Back in 2009 (when I was a grad student), I started writing about the various ways in which the word “digital” is value-laden. What power does it have? How does it act or behave in particular contexts? What’s implied by it? That is, what goes unsaid when it’s used? And, most interesting, what happens when it’s “dropped” or removed from a sentence? How does its removal shape interpretation and even “ruin” the significance of an argument?

I applied this analysis to four chapters in the first volume (2012) of Debates in the Digital Humanities, edited by Matt Gold, and published it as an essay in the second volume (2016), edited by Gold and Lauren Klein.

Below’s a link to that essay, titled “Dropping the Digital.” I’ve also included the first two paragraphs of it and pointed to a 2012 talk and 2018 interview where I discussed it. The second volume of Debates is available online (open access) and in paperback, library cloth, and ebook formats, too.

Excerpt of the chapter, "Dropping the Digital," where Debates in the Digital Humanities is "ruined" by the deletion of "digital" from its chapters

Dropping the Digital
Published in Debates in the Digital Humanities (Gold and Klein, eds.) in 2016 | 18 pages | open access

Links: essay (HTML); publisher’s page (HTML); HASTAC interview (HTML) with Jon Heggestad; talk (HTML) at Pitt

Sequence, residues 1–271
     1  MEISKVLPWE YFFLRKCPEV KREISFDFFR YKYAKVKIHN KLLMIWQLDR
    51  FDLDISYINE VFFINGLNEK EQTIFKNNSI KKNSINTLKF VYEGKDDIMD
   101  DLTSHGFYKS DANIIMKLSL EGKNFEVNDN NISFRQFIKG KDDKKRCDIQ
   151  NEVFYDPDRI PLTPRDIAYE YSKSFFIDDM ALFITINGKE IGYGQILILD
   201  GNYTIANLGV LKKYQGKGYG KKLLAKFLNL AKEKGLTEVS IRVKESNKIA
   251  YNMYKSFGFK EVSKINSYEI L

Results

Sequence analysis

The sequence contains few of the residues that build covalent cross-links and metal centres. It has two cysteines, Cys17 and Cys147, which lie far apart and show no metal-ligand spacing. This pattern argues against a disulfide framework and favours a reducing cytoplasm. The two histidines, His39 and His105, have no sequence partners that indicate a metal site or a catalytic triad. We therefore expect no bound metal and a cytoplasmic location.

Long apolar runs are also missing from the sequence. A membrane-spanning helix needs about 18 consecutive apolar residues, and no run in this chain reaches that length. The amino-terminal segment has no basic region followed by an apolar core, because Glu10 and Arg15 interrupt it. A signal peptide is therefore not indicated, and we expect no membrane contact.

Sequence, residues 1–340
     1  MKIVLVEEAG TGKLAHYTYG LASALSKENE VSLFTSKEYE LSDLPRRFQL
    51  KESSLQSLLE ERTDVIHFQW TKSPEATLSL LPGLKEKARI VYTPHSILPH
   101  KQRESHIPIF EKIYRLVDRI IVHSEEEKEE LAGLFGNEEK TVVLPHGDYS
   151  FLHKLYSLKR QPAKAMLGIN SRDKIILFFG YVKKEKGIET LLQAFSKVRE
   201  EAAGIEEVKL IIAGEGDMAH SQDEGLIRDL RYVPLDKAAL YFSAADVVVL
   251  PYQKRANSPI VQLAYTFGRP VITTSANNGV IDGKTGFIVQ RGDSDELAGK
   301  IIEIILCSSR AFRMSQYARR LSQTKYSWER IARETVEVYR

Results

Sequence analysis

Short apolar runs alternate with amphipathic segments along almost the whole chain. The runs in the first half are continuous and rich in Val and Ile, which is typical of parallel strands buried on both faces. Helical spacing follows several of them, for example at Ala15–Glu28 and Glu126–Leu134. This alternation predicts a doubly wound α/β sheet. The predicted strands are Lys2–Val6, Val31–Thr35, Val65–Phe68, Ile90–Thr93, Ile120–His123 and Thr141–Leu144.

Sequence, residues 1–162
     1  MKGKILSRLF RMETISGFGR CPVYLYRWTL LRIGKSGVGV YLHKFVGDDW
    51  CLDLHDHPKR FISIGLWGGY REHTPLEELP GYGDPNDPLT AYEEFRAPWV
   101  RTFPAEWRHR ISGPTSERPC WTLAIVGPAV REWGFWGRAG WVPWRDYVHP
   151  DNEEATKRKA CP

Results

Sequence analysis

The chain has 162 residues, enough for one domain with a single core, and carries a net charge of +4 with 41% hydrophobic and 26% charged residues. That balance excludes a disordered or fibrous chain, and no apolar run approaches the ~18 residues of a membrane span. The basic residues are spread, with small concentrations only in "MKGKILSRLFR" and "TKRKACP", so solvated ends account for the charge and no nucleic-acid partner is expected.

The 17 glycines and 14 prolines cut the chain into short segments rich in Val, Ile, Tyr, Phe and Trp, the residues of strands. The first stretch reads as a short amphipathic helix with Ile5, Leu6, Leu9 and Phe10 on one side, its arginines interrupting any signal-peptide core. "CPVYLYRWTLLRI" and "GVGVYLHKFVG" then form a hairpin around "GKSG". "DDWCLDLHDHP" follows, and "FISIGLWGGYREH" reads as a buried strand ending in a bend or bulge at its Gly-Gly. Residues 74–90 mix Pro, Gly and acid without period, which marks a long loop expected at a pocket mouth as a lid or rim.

In the following paragraphs, I “ruin” digital humanities in order to isolate what makes them distinct or compelling in the first place. Ruination is a technique whereby a text is procedurally manipulated to render it less persuasive. The manipulated text is interpreted alongside the original, and key differences between the two versions are analyzed. Informed by a long legacy of text manipulation, including work by OuLiPo, Brion Gysin, Kathy Acker, Tom Phillips, Lisa Samuels, Jerome McGann, Mark Sample, Stephen Ramsay, and—most relevant here—Kari Kraus, I consider ruination’s conjectural exercises. Borrowing from Kraus’s “Conjectural Criticism,” we might say ruinations are “concerned with issues of transmission, transformation, and prediction (as well as retrodiction)” (Kraus, ¶4). They facilitate “knowledge about what might have been or could be or almost was,” with a bias toward possibility rather than demonstrability or empiricism (¶5). Ruinations point to possible trajectories without fully illuminating them, and they insinuate that the stuff of digital humanities has been insufficiently identified and described. They also underscore how digital humanities may differ from other strains of humanities and—most important—ask what else digital humanities could be, or should do, or might at least consider.

For the purposes of this argument, my particular ruination technique is “dropping the digital,” where I remove the word “digital” from a sentence in order to examine how its absence shapes meaning and interpretation. My source material for ruination is the 2012 edition of Debates in the Digital Humanities (edited by Matthew K. Gold). Not only is this collection of essays rife with persuasive writing and argumentation, it also begs for additional attention to how the word “digital” is used to qualify humanities research.

Read the rest of the essay online or in print.

Image care of the Debates in the Digital Humanities series published by the University of Minnesota Press and edited by Matt Gold and Lauren Klein. This page was created on 22 July 2019 and last updated on 7 June 2021.